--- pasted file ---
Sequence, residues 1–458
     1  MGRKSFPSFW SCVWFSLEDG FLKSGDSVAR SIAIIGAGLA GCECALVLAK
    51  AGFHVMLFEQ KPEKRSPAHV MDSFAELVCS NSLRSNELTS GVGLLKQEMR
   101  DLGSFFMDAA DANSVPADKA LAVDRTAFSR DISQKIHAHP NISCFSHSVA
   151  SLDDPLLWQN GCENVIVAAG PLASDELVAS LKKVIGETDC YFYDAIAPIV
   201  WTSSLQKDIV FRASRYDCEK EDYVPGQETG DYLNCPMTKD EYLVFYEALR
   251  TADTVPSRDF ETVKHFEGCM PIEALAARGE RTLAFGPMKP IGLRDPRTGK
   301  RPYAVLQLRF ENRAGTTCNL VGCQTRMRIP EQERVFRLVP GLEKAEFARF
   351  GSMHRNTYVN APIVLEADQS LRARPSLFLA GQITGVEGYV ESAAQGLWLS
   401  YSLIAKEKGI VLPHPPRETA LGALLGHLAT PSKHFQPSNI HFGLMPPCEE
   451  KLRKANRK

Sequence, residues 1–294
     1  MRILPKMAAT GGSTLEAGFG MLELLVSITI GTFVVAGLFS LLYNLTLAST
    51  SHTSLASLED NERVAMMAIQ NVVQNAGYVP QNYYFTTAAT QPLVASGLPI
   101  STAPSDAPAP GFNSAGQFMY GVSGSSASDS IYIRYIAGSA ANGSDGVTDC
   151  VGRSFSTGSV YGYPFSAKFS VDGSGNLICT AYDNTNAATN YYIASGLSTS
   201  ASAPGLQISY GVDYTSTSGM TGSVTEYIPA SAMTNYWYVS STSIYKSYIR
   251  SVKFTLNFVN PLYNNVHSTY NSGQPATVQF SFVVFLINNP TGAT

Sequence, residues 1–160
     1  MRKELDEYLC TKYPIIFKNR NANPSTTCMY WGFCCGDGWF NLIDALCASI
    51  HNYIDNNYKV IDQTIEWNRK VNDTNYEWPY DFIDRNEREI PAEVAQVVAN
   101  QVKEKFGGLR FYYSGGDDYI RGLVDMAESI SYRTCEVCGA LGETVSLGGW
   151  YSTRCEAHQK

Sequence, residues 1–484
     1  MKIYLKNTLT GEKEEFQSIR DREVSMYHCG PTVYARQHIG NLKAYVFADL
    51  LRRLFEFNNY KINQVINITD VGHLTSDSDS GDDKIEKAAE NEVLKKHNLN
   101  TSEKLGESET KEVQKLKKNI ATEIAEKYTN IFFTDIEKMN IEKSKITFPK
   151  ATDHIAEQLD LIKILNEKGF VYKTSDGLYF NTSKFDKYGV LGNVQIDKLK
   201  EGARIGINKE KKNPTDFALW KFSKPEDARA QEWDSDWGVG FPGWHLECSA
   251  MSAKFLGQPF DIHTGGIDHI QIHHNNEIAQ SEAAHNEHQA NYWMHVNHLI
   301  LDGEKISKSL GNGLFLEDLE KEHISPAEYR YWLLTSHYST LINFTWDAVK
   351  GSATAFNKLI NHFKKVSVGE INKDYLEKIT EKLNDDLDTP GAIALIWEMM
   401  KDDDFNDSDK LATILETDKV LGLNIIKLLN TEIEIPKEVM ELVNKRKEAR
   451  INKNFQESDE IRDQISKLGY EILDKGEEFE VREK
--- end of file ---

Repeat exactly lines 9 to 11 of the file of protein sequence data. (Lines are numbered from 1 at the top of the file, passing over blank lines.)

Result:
   351  GSMHRNTYVN APIVLEADQS LRARPSLFLA GQITGVEGYV ESAAQGLWLS
   401  YSLIAKEKGI VLPHPPRETA LGALLGHLAT PSKHFQPSNI HFGLMPPCEE
   451  KLRKANRK